By Chris Rawls
Edited by Joe Lovchik
Chris Rawls is one of the engineers who has been with the company since the beginning. He’s tested and helped develop every piece of the CarveWright machine and knows it upside down and backwards. Every now and then, he even gets a chance to make something with it, too. This simple project is a great example of how the CarveWright is just another tool in the shop. Chris’ wife needed some book racks for her new business, so Chris made her some.
Book Rack Project
I started by designing the project in Project Designer using the drawing and constraint tools to get the shape just right. Then I placed the pockets and holes into position and had one side of the rack designed. I chose to make this project out of 1×6 pine, as it was on hand, so each side was designed as separate projects.
Each of the projects was cut on two 40” x 5.5” x .75” pieces of pine.
When the projects were finished, I removed them from the boards by cutting the tabs. Try to cut them cleanly with a sharp chisel or small saw to avoid any tearing or chipping on your edge.
Then file or sand off the remainder of the tabs and smooth the edges to remove all cut out marks.
Next, I clamped the pieces down, one at a time, to rout the curved edge with a piloted ¼” round over bit. Then flipped the piece over and did the same on the other side to get a nice rounded edge.
From there it was just some quick sanding with a sanding mop to prep edges, and some surface sanding to get the pieces ready for painting. You can use a drum sander as shown below or any sander that you might have on hand. You can also use various fillers to hide blemishes in the wood, or you can just paint it as is depending on the look you desire.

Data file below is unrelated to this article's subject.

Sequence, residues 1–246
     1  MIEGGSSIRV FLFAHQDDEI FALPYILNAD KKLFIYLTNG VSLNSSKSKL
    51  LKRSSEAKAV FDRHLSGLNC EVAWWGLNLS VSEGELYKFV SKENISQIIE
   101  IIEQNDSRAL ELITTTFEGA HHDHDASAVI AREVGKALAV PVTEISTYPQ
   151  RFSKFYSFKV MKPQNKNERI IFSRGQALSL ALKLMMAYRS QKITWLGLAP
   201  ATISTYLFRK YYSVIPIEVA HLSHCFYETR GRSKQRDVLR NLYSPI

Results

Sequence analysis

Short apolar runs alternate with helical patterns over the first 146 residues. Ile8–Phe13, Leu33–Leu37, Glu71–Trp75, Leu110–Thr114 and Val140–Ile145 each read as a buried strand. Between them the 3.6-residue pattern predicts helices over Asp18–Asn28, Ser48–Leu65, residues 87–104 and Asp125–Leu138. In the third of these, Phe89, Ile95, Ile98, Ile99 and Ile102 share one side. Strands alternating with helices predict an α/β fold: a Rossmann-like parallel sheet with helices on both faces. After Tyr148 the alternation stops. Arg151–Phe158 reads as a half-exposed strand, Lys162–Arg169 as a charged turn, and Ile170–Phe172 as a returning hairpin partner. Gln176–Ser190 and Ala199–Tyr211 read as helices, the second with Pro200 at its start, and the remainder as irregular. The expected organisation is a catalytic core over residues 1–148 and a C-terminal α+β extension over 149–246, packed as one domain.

Once the end pieces are finished, it’s ready to assemble. You will need to cut three pieces that make the book ledges. These pieces will dictate how wide the book rack will be. Due to the weight of the books, I prefer to have the width of the book rack match the stud spacing in the walls. Thus, if I have a wall with 16” stud spacing, I will cut the 3 ledges to a length of 32”. If you have a 24” stud spacing, you could cut the ledges to 24” or 48”, or better yet, buy a new house which has a more preferable stud spacing that will adequately support your new book rack. Haha, that’s a joke… kind of.
I used a finish nail gun and wood glue to assemble the ledges to the end pieces.
Now it’s time to make the top piece. I recommend cutting a piece 3 ½” wide by ¾” thick. It should also be 2” longer than the ledges to provide a little overhang. In this case, I used 32” ledges and thus my top was 34” long. Rout three edges with a router, so the back edge is still flat. I used a 1/2″ Classic Ogee for my edge.
Assemble the top piece to the book rack using wood glue and a finish nail gun. With the structure finished, it’s time to add the back and rails.
You will need to purchase the following items:
Measure the outside dimensions of the structure to be accurate with size, and cut the bead board to that size. Use 18 x 5/8” wire brads to nail it to the back of the structure. Make sure you nail it to the back of all 3 ledges, the top piece, and the 2 end pieces.
Next, you will need to nine 1/2” dowel rods cut them to the same length as the ledges. In this case, the length is 32”. Insert the dowel into the hole on one end, and bend the rod slightly to slip into the corresponding hole on the other end. Repeat until they are all installed and your book rack is assembled.
You can paint the book rack before or after assembly, it’s up to you. Just pick your stain or choice of paint color and have fun.